Every job posting in the world has “good communicator” as a requirement, and we all think we meet that requirement. We all think we’re great communicators. We cross our Ts, dot our Is, and use proper punctuation. It isn’t that easy though, is it? Being good at communication, especially when it comes to complex projects, is like playing the bass: relatively easy to pick up, and really difficult to master.

The starting point in getting better at project communication is evaluating the effectiveness of your communication efforts. The simplest way I encourage our team at Paper Leaf to do that is to have them ask themselves, Did whomever I was communicating with have follow-up questions or clarifications? If they did, there’s room for improvement. And trust me: every one of us has room for improvement. Except for me because I’m super prefect.

The other side of getting better at communicating is being respectful of people’s time. When we communicate ineffectively, a 2-email chain turns into a 10-email chain plus a phone call – or worse, something gets missed or done incorrectly, and then we’re in rework land. I mean, we’re all busy and that kinda thing drives us nuts, right? When we communicate effectively, we’re more efficient and respectful of people’s time, and our competency shines through.

So let’s talk about how to do that.

two people on a huge couch

The 5 Project Communication Rules

There’s a basic framework I follow when communicating within project teams. The crux of it is ensuring each of the five questions below are answered in any/all pieces of communication:

  1. Who is responsible?
  2. When is it required or expected?
  3. How/Where should it be delivered or executed on?
  4. Why do you need it?
  5. What happens next?

Here’s an example of poor communication that I’m sure we’ve all been subject to (or, have subjected someone else to):

“We need the copywriting soon.”

Nope. Not allowed. In fact, if you send me an email like that, I might come kick you in the shins or perhaps take your mother to a nice steak dinner and then never call her again. The problem with the above vague ask is that there is way too much room for misaligned expectations: who is “we”? What format should it come in? When is “soon” to you, and when is “soon” to the recipient? Why is this even important?

Imagine you were the recipient. You would have a whole ton of follow-up questions for clarification if you received an email like this, because expectations are not clear – which is the first indication that the communication is poor. And if those follow-up questions are not asked, and you just forged ahead? You’d be making a pile of assumptions, and that’s a quick route to rework, inefficiency, and frustration – aka the places projects go to die.

So, instead, here’s a better version of the same ask that uses the 5 rules outlined above:

“Our designers need all site copy from [copywriter name] by Thursday, June 2 to keep the project on schedule.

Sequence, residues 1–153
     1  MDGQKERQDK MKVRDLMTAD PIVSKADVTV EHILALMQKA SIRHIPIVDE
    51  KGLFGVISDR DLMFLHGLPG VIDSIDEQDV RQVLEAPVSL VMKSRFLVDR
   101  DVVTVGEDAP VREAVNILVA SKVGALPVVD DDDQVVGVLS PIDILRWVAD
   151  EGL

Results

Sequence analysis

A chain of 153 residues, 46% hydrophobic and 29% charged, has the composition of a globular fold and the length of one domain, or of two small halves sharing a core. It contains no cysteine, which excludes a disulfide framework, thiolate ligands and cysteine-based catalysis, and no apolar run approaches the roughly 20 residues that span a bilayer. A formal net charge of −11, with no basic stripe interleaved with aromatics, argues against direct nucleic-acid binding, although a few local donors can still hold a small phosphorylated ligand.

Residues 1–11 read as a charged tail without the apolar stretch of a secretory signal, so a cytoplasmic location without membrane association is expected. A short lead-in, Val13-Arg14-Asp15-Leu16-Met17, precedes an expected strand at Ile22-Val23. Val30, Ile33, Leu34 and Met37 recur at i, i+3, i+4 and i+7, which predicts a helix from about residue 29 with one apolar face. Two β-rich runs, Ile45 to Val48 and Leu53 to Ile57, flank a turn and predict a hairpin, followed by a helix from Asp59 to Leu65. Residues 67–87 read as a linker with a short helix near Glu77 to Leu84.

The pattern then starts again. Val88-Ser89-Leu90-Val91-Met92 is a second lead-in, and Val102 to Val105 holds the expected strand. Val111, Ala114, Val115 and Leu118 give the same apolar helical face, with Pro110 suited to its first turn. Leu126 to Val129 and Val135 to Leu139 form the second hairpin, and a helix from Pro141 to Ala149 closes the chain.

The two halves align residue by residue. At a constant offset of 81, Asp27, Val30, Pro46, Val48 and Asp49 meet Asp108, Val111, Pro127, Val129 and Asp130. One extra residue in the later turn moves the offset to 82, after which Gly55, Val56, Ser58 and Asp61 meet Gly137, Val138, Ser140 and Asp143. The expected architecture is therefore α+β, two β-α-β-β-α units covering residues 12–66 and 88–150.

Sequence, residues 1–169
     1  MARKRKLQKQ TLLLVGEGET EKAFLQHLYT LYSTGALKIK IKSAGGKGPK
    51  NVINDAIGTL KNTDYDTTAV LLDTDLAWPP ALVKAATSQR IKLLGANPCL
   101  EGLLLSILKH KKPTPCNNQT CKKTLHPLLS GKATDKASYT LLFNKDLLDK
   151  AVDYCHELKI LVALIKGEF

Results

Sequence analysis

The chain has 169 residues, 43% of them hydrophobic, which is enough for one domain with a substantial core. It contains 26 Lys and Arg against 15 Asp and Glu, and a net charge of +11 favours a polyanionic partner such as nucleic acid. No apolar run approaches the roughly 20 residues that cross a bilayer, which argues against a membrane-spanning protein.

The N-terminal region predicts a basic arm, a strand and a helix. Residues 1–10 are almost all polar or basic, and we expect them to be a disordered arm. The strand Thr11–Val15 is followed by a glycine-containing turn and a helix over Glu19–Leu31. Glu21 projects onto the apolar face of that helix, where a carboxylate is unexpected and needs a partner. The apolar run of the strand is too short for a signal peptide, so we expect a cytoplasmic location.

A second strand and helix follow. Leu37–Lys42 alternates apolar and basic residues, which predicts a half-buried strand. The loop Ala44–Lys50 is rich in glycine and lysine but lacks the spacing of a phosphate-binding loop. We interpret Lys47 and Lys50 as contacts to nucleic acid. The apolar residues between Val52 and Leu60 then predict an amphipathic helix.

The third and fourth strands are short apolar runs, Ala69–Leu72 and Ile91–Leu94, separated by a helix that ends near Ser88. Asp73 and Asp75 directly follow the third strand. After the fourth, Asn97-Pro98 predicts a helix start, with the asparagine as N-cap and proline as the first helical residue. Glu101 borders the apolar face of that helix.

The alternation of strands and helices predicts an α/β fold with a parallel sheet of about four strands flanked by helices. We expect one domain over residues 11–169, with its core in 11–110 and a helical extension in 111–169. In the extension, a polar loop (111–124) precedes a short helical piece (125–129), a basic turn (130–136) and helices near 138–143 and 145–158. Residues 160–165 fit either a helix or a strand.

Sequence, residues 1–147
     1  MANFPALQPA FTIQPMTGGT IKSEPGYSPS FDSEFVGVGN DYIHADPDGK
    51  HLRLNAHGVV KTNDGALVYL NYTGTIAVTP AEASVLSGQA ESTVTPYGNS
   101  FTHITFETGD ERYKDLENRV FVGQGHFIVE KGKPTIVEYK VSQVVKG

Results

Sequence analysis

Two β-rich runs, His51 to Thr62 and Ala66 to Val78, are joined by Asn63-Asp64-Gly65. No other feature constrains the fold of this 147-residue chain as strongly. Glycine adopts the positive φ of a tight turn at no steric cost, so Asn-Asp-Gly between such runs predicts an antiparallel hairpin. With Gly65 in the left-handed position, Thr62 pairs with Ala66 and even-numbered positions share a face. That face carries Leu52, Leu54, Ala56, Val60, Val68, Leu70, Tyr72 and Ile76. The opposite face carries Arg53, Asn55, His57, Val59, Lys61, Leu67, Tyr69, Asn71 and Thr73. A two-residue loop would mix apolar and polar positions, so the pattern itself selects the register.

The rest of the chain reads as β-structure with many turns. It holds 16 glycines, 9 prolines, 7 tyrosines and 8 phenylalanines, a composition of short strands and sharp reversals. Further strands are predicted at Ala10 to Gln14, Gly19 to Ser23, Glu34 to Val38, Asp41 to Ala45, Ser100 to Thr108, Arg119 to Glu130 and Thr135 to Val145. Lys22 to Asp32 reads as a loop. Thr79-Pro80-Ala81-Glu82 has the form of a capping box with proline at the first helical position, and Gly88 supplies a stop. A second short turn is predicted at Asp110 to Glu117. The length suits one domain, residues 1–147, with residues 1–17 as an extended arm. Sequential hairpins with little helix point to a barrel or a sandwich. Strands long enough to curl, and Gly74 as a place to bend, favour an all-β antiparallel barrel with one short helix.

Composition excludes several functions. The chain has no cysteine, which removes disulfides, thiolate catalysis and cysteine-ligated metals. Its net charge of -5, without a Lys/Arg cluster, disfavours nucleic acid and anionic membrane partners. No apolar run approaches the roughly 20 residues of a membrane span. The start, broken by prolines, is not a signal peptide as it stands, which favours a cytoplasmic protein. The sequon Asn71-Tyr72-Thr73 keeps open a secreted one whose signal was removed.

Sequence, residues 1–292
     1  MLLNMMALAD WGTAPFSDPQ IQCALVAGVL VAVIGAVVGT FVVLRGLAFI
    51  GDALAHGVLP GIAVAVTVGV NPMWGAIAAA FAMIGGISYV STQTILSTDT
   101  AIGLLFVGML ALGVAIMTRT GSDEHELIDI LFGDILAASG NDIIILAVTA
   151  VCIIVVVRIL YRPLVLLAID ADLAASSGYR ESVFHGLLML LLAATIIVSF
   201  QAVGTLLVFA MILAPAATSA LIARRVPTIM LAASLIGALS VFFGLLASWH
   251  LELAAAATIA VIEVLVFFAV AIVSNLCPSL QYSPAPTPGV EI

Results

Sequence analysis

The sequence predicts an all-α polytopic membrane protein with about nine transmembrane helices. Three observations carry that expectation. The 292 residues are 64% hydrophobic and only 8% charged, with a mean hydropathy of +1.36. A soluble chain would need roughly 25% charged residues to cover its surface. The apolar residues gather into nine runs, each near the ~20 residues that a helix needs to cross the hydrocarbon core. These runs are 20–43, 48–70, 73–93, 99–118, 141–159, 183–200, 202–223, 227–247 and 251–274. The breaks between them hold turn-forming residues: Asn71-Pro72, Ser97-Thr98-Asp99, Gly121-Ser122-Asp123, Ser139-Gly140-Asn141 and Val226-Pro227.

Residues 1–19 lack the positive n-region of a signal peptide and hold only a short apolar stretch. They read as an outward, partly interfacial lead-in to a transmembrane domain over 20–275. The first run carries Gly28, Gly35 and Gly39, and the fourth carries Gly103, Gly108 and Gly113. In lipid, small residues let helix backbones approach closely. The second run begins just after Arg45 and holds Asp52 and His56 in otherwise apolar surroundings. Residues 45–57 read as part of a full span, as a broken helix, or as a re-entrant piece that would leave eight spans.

Please use the attached template, fill it out, and send it back to us via email by that date. It doesn’t need to be perfect – draft one is fine – as you’ll be able to edit the content on the live site whenever you want, thanks to the CMS.”

This version leaves few, if any, unanswered questions. It’s clear who is responsible (the copywriter), when the deliverable is expected by (Thursday, June 2), how to deliver it (using the attached template via email), why it’s important (to keep the project on schedule), and what happens next (editing the content via the CMS). It’s the difference between receiving an organized Google Doc written by a copywriter delivered on Thursday, keeping the project on schedule, and receiving a hot mess of a spreadsheet with content written by an accountant delivered in two months, resulting in huge project delays.

The same rules / method can reasonably be applied to anything, not just dealing with clients or third parties within projects. Do you need your spouse to take some recyclables to the bottle depot? Do you need your designer to complete some wireframes? Do you need your landscaper to fix the paving stones? Check your language against those 5 rules. And if you’re on the receiving end of an ask: make sure you understand the answers to those 5 questions, or else you might be delivering something totally different from what was expected. That’s a surprise – and surprises are best avoided (unless they’re fun, like someone bringing you a cupcake, which is entirely acceptable at all times).

Be Reasonable, Pick the Right Medium, and Check Tone

I don’t have a comments section because internet comments are the wackness/a dumpster fire, but let me pre-empt what would be in there. Yes, this 982-word blog post does not cover every situation ever for all of eternity – the above rules are a general best practice, to be evaluated with reason on a situational basis. Further, comprehensive communication is not good if it’s delivered via the wrong medium for the situation (e.g. email when a phone call is better), and if tone and context are not considered (aka don’t be a presumptive asshole). Finally, there’s an important distinction to be made in situations where you shouldn’t be directive (“do it this way”) and instead should work with others collaboratively to figure out the best solution, or give autonomy to someone better suited to make a decision.

So, giant caveats and general internet outrage preventiveness aside – before you hit send on that next Slack message or email, check your project communication against the 5 rules. Have you covered:

  1. Who is responsible?
  2. When is it required or expected?
  3. How/Where should it be delivered or executed on?
  4. Why do you need it?
  5. What happens next?

If you have, before long you’ll find a few things coming your way: fewer mistakes, more efficient communication, and trust / respect. Not a bad outcome from 5 simple rules, right?

Photo Credit: Andre Slob, Flickr (É)cc license